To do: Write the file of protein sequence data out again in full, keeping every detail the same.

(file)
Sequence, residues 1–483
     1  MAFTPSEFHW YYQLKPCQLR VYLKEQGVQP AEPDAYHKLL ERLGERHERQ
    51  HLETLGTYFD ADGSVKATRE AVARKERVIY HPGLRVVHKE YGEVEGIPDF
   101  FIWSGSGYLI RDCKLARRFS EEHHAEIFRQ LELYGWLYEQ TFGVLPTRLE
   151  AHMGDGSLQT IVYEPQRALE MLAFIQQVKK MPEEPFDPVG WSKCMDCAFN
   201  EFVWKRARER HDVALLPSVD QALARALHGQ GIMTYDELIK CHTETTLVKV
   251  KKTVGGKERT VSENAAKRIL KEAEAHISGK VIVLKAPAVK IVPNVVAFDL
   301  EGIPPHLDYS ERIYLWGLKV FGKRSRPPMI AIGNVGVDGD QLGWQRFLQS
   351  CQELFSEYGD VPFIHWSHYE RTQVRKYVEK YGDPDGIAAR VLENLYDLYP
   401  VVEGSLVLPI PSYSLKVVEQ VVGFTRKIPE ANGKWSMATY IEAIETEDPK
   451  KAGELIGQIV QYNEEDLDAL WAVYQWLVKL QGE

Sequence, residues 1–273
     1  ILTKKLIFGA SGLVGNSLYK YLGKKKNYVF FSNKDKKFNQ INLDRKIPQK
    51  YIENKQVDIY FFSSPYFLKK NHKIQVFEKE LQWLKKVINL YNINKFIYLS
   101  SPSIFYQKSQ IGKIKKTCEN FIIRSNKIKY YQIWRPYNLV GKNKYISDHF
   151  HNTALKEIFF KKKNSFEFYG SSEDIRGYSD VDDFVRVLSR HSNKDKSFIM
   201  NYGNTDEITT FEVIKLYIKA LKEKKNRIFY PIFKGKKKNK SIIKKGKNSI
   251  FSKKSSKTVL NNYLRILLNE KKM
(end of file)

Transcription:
Sequence, residues 1–483
     1  MAFTPSEFHW YYQLKPCQLR VYLKEQGVQP AEPDAYHKLL ERLGERHERQ
    51  HLETLGTYFD ADGSVKATRE AVARKERVIY HPGLRVVHKE YGEVEGIPDF
   101  FIWSGSGYLI RDCKLARRFS EEHHAEIFRQ LELYGWLYEQ TFGVLPTRLE
   151  AHMGDGSLQT IVYEPQRALE MLAFIQQVKK MPEEPFDPVG WSKCMDCAFN
   201  EFVWKRARER HDVALLPSVD QALARALHGQ GIMTYDELIK CHTETTLVKV
   251  KKTVGGKERT VSENAAKRIL KEAEAHISGK VIVLKAPAVK IVPNVVAFDL
   301  EGIPPHLDYS ERIYLWGLKV FGKRSRPPMI AIGNVGVDGD QLGWQRFLQS
   351  CQELFSEYGD VPFIHWSHYE RTQVRKYVEK YGDPDGIAAR VLENLYDLYP
   401  VVEGSLVLPI PSYSLKVVEQ VVGFTRKIPE ANGKWSMATY IEAIETEDPK
   451  KAGELIGQIV QYNEEDLDAL WAVYQWLVKL QGE

Sequence, residues 1–273
     1  ILTKKLIFGA SGLVGNSLYK YLGKKKNYVF FSNKDKKFNQ INLDRKIPQK
    51  YIENKQVDIY FFSSPYFLKK NHKIQVFEKE LQWLKKVINL YNINKFIYLS
   101  SPSIFYQKSQ IGKIKKTCEN FIIRSNKIKY YQIWRPYNLV GKNKYISDHF
   151  HNTALKEIFF KKKNSFEFYG SSEDIRGYSD VDDFVRVLSR HSNKDKSFIM
   201  NYGNTDEITT FEVIKLYIKA LKEKKNRIFY PIFKGKKKNK SIIKKGKNSI
   251  FSKKSSKTVL NNYLRILLNE KKM